I like listening to my former students, especially the ones who seem to be doing well out there in the adult world. “Was your education lacking in any way?” “How could I have better prepared you for life after graduation?” “Am I doing anything in my classes that is just a waste of time?” It is hard to make improvements if you don’t have a good assessment of your own strengths and weaknesses. And, who understands them better than students who have gone through your class and are now out in the real world.
A couple of days ago, I posted the previous blog (below) about pushing students to go beyond the right answer and encouraging them to address the more important issue: why is a certain answer the right answer? Today, I got an email from a student who was in a couple of my classes 3-4 years ago. She started out at the University of Richmond and finished up at Wharton and seems to have done well since graduation. I respect her opinion. Here was her response to that post—I especially liked her last sentence (although it is probably a run-on sentence).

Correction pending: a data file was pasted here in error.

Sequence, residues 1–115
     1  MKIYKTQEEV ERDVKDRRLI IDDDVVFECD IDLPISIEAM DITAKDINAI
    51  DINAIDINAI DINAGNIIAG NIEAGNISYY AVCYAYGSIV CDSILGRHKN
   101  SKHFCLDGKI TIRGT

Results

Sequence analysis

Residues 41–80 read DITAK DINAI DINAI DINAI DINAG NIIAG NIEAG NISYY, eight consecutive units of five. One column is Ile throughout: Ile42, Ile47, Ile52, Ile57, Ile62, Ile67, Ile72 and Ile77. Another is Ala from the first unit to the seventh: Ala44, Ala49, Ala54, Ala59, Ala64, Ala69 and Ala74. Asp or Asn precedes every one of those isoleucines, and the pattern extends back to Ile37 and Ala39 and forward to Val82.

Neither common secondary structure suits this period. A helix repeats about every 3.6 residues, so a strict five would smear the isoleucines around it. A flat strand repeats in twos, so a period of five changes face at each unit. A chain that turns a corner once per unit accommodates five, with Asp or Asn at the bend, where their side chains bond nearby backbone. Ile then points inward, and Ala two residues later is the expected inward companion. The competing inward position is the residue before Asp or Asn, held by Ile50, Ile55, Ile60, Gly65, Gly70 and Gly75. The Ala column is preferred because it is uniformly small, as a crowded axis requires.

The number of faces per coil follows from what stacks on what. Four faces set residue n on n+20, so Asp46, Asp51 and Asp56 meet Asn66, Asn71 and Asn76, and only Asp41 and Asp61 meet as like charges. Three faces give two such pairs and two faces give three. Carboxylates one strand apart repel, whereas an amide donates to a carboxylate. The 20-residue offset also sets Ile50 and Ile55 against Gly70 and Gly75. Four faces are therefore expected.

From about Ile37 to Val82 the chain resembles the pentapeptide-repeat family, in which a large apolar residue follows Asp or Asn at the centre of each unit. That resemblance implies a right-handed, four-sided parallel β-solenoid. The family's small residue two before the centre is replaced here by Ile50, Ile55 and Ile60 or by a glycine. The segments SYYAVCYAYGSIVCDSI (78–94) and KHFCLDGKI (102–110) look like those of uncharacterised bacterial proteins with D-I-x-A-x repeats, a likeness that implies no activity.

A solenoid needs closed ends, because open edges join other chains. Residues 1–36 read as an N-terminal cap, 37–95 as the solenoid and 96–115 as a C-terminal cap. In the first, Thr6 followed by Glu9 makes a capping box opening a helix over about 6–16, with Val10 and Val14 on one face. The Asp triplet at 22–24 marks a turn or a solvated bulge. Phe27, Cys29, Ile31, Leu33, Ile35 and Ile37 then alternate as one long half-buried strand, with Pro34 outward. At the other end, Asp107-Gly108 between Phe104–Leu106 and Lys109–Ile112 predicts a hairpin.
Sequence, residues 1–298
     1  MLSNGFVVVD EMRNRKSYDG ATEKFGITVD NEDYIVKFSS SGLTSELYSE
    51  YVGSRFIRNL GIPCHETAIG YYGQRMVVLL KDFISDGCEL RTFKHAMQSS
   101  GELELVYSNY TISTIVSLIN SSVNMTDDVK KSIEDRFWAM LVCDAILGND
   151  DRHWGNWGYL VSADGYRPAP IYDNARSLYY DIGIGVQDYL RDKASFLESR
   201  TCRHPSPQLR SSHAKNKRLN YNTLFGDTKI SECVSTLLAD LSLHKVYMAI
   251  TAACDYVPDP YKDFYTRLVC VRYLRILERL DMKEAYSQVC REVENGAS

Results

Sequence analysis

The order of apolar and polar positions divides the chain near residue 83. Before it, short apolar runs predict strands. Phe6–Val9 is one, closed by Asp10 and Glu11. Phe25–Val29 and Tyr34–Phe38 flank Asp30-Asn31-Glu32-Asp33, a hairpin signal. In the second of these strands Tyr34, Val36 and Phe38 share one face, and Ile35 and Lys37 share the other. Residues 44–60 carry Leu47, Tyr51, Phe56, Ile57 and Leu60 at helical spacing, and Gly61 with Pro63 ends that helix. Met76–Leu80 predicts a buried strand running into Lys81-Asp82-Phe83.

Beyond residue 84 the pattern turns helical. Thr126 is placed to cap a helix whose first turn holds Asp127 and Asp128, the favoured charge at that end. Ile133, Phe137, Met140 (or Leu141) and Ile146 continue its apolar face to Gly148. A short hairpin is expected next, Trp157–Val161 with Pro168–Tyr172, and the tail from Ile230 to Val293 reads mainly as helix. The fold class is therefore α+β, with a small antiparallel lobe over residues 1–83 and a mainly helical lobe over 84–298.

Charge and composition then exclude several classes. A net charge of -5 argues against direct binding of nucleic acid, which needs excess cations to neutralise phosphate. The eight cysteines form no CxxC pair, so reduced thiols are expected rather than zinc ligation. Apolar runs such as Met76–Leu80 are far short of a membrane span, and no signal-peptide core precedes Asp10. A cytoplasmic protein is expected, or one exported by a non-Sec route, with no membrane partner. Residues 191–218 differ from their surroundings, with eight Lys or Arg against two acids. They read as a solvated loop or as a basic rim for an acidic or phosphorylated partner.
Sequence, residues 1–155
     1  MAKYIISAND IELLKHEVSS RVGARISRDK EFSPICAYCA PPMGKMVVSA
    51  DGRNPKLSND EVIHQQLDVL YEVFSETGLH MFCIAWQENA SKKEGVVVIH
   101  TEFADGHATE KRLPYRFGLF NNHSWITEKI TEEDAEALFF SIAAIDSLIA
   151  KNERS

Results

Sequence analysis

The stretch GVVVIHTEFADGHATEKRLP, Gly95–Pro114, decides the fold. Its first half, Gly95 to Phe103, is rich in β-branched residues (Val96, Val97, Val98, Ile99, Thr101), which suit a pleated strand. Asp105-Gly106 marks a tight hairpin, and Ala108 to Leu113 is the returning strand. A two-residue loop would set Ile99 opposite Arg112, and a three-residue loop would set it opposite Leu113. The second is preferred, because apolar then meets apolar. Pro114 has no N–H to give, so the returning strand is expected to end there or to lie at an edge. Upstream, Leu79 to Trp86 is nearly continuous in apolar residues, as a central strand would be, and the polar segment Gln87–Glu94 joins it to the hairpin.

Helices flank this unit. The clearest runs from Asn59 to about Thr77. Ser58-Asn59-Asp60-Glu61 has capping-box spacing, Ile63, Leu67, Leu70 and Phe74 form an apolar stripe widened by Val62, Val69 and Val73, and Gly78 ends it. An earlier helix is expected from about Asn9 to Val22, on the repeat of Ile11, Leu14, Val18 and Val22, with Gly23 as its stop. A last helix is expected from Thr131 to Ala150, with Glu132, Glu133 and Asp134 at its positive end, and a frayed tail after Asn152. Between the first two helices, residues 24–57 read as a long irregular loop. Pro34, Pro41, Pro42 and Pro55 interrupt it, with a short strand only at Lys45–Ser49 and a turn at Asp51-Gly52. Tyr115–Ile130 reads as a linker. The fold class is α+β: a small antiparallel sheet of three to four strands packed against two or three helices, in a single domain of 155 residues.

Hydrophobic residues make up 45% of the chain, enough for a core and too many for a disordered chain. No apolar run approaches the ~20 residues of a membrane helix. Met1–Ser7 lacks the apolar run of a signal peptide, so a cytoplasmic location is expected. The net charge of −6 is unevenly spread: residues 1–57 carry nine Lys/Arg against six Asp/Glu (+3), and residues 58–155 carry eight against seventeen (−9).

“The right answer only counts for so much. In my experience so far in life, you rarely have to come to an ‘answer’ that you submit to someone and then wait and see if it's correct or not. All of the situations I've found on the job to date involve either working with a team, or data you got from someplace, or ideas you generated. You then form a hypothesis or explanation and describe to people why your 'answer' makes the most sense. One of the competencies I have the most difficulty with is thinking outside the box. One of the reasons I think I have trouble is because in school we got so much training in coming to the correct answer, but really being able to examine that answer and explain why it is correct and be open to others helping you develop it further is so much more useful.”
I like her words: “You then form a hypothesis or explanation and describe to people why your ‘answer’ makes the most sense.” Okay, here is my challenge to you and to me both: As you get ready to enter the fall semester of 2010, is that what your students wind up doing in your classes?